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Democrat John Delaney will represent Maryland's 6th congressional district come January, defeating incumbent Roscoe Bartlett, who served 10 terms on Capitol Hill. The newly-christened congressman joined WAMU All Things Considered host Pat Brogan to discuss the results of Election Day.
What do you think was the key to your victory?
"We worked very hard to communicate to voters from the beginning of the campaign in January. And I think our message, which is focused on jobs and creating jobs and a good standard of living resonated very well with voters."
How comfortable are you with the redistricting process in Maryland's 6th district?
"I am very comfortable with the process and I'm very comfortable with the district. We had a strong win across the whole district. We won in Montgomery County, but we also won in the western part of the district, which was the old congressional district. So I think there is a great opportunity, now that the redistricting is behind us, to really unify the district around the messages that are important to me."
Do you expect things will improve in Congress now that the election is behind us?
"I think the American people really want Congress to focus on getting things done — particularly things that are important to Americans. The first thing that this new Congress has to do is work on our deficit. I think there's a terrific blueprint in front of us in terms of the Bowles-Simpson, and my sense is the American people will put pressure on Congress to actually get things done."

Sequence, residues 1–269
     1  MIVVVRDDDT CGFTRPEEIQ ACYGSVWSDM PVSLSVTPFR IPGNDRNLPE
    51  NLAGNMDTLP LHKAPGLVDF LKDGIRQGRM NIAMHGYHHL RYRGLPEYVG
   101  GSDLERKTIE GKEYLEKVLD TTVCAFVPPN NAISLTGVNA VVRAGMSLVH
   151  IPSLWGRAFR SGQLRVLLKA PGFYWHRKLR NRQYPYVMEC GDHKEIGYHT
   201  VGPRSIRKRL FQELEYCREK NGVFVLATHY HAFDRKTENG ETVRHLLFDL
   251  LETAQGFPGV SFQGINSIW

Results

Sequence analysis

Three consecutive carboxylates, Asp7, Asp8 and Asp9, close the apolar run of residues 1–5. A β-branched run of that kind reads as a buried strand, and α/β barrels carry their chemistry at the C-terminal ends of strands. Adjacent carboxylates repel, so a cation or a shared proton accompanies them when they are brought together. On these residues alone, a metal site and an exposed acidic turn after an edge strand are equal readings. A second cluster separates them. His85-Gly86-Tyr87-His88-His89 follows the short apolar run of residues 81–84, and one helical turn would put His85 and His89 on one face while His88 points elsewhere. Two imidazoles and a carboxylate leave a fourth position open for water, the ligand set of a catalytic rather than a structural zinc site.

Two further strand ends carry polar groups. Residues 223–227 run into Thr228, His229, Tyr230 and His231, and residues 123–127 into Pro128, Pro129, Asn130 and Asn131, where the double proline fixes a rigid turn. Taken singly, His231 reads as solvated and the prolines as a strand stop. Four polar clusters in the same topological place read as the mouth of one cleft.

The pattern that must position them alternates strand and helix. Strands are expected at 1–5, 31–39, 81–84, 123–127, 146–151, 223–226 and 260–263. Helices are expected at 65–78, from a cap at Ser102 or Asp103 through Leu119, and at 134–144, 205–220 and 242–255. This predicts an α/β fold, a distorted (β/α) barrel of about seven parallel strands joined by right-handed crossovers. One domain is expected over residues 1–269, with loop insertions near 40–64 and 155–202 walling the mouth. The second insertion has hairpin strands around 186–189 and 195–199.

What are your priorities as you head to Capitol Hill?
"My first priority is to represent my constituents very well in terms of issues that are important to them. And I think there are a whole variety of issues that are important to constituents in the 6th district, ranging from economic matters specifically in Maryland in light of the fact that federal spending is likely to be reduced and that will have an impact on the Maryland economy and making sure Maryland and the 6th congressional district is as prepared as possible. So that's certainly a high priority for me. But also taking those issues, which I view are issues of U.S. competitiveness, and taking that more broadly across things that affect the whole country."
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